Brantview Spruce Trees Given New Life

March 22, 2022
When trees mature, it is fair and moral that they are cut for man’s use, as they would soon decay and return to the earth. Trees have a yearning to live again, perhaps to provide the beauty, strength and utility to serve man, even to become an object of great artistic worth.

—George Nakashima



In January 2018, contractors removed eleven over-mature spruce trees from Brantview Lawn, where they had grown for over one hundred years. Safety concerns that the trees would grow weaker and slowly collapse under their weight necessitated their removal and replacement with disease-resistant elm trees. Their removal at that time also meant that the lumber from the trees was still sound enough for building projects.


Those same trees have begun a new life as Capstone podiums four years later.


When Fine Woodworking instructor Matt Stark ’96 arrived back on campus as a teacher in 2013, some students presented their capstone projects while standing behind a metal music stand. After watching the students’ difficulty on the biggest day of their academic careers, Mr. Stark and his students began working on a solution. He challenged his advanced classes each year to design and build podiums for various events, most often for senior Capstone Day. With over twenty podiums constructed so far, it has been a project that fulfills the school’s unofficial motto, “leave this place better than you found it.”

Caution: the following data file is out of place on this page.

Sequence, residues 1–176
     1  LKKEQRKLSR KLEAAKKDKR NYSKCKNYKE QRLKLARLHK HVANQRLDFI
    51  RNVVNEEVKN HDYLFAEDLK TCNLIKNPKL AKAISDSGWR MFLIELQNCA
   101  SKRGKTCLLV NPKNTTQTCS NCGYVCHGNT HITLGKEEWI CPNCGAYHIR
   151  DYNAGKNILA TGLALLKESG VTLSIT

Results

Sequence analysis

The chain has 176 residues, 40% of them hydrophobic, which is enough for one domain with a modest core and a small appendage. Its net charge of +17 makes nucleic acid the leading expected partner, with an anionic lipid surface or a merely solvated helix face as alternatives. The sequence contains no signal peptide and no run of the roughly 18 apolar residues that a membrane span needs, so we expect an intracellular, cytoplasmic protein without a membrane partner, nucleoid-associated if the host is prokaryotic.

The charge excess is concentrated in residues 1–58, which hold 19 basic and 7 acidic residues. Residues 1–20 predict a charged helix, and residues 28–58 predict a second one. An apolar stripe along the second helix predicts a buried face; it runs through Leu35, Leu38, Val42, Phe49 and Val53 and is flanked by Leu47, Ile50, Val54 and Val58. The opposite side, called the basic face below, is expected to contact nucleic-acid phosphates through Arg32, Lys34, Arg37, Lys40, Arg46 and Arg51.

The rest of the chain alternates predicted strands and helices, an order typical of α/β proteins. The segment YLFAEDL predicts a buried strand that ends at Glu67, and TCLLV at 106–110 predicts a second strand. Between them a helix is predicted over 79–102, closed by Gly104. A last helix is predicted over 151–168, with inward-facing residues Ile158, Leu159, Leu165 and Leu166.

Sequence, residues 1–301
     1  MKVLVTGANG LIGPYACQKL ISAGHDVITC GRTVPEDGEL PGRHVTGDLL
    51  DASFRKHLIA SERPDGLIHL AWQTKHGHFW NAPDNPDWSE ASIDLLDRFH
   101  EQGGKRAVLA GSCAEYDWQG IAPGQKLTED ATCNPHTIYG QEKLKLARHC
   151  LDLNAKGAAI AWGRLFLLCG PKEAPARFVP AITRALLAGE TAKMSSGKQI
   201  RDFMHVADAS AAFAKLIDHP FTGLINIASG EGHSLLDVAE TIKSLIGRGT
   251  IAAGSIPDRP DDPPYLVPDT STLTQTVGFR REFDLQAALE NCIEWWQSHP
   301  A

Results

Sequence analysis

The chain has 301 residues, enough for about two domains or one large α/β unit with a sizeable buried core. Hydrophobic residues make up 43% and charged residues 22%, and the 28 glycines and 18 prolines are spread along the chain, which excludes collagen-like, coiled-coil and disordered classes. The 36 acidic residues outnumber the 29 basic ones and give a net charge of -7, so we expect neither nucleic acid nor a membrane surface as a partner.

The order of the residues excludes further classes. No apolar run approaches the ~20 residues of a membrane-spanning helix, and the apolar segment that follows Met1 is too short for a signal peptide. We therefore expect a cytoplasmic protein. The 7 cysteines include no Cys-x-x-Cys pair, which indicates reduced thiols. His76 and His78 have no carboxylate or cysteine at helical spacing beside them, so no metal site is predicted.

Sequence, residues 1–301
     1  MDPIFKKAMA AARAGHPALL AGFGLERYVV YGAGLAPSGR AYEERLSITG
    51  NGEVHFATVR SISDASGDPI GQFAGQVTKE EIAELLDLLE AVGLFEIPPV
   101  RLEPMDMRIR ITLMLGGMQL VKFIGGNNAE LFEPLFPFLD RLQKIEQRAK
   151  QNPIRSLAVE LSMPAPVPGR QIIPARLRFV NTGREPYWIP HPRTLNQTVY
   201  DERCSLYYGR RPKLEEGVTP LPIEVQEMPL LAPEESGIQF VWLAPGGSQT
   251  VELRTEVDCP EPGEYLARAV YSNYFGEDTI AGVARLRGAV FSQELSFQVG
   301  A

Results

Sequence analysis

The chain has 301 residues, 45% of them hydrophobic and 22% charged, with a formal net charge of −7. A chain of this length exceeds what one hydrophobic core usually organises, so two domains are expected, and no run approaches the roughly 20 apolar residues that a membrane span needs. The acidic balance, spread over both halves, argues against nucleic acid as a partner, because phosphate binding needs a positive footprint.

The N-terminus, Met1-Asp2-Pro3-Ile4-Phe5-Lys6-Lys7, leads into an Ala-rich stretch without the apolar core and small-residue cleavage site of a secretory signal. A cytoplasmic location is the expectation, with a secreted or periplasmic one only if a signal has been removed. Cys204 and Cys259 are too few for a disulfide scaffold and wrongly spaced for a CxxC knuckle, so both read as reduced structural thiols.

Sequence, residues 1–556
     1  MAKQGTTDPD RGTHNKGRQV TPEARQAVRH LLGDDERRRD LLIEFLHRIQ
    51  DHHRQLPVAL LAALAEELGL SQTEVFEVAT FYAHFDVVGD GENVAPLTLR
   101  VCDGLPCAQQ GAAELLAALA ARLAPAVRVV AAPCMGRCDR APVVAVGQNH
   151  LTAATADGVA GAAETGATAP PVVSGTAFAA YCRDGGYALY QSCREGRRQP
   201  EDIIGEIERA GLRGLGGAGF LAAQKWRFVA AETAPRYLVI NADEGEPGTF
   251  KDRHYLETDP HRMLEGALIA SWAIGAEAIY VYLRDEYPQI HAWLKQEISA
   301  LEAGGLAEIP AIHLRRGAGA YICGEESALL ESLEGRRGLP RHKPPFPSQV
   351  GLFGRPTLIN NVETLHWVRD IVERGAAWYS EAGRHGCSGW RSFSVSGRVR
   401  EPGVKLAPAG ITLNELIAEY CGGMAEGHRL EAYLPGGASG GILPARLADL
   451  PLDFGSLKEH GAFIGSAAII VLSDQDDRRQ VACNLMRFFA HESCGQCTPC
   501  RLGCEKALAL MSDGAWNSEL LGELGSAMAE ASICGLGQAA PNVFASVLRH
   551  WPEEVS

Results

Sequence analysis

Three months after being removed from campus, the trees were milled out by former Forestry instructor Jessica Bakowski and her students on the school’s field campus. The boards were put aside to dry until earlier this year when the students got to work.


The students began designing, building, cutting, and sanding the spruce boards into two sleek podiums in January. At the same time, Fine Arts instructor Rod Reis ’82 worked with Mr. Stark’s students to create golden SJA emblems to include on the podiums. Under Mr. Reis’ direction, the students made a copy of the Academy emblem and used epoxy resin to create large circular logos, which were then covered with 24-carat gold leaf by Mr. Reis and attached to the podiums.


As the elm trees grow in their place, the spruce trees live on in the podiums and whatever other projects Mr. Stark and his students can craft from the remaining boards. But the goal remains the same: that all of these projects last as long as it took the trees to grow.


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